On the other hand, if the crime situation gets worse, it will encourage more people to resort to crime and more hard core criminals will be produced, and more risks the average police officer will face – another  vicious cycle .

SO I hope the government will immediately start implementing the IPCMC, and give us back the efficient and glorious force that we once have. Improve crime situation, and the police work will become safer and people will respect police more.

So, ironically,  the police must understand that IPCMC is actually not against them, but rather will help them to improve their efficiency, help to make their work easier, help to lock up more criminals, help to deter more people to resort to crime and make their work safer.  With better efficiency, then we the Rakyat can fight harder for them to raise their pay higher!

Only those who are not professional enough will be scared of the setting up of this Commission.

2 questions I wish to ask about this case,:

!.  Why is there an ambush party waiting for the police?  Who tipped them off?

2. WHy  the 4 of them went to the house without informing their superiors? Why aren’t procedures followed?

This reminds me of the show, Infernal Affairs, from Hong Kong. Those who have not seen the show, it is worth buying a DVD to see this show (actually a series of 3 movies.)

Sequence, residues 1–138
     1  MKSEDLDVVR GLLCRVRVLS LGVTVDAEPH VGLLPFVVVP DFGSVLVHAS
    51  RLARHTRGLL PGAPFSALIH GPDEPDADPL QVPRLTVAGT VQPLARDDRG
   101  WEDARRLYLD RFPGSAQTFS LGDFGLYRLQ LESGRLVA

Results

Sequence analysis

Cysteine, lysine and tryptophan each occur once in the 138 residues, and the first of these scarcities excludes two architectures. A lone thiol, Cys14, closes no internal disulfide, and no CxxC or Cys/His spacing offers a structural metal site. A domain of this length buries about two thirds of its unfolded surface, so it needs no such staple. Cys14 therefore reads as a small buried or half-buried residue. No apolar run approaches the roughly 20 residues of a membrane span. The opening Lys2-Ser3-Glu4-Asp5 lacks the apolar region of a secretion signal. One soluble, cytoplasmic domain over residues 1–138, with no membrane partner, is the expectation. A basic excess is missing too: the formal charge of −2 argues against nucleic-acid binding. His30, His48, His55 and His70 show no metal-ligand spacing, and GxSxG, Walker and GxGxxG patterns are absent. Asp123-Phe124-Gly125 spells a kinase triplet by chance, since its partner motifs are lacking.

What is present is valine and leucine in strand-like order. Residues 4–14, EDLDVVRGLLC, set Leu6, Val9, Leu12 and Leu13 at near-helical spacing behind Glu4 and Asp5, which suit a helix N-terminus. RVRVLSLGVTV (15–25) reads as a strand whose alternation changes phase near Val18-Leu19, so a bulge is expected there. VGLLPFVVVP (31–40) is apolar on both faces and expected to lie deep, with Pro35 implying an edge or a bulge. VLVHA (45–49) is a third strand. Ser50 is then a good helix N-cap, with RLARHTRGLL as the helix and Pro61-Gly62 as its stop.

No other way but a Royal Commission

One of the more reformed minded politicians in UMNO, Zaid Ibrahim, was qouted by malaysiakini this morning as saying that a Royal commission should be set up to investigate the Lingam tapes.

I welcome his statement and hope that more BN politicians would come out to voice support for such as move. Earlier this month, Parti Gerakan has called for a Royal commission.

This shows that the call for a Royal commission transcends political divide ; it is for the greater good of the country that the people as well as  organisations such as the Bar Council are asking for a thorough investigation into this. In order to get to the bottom of this case, it is imperative that a Royal commission be set up.

this is the wish of the people, and as a government of the people, it is time that such a commission be set up. The 3 man panel. as predicited, could not proceed any further as it has very limited power.

Zaid was quoted to say:

“This goes to show that the panel is powerless to do anything. I don’t understand. Why didn’t they just form a royal commission of inquiry into the tape?” asked Zaid, adding that the government should have formed the commission if it was serious in a quick resolution to the matter.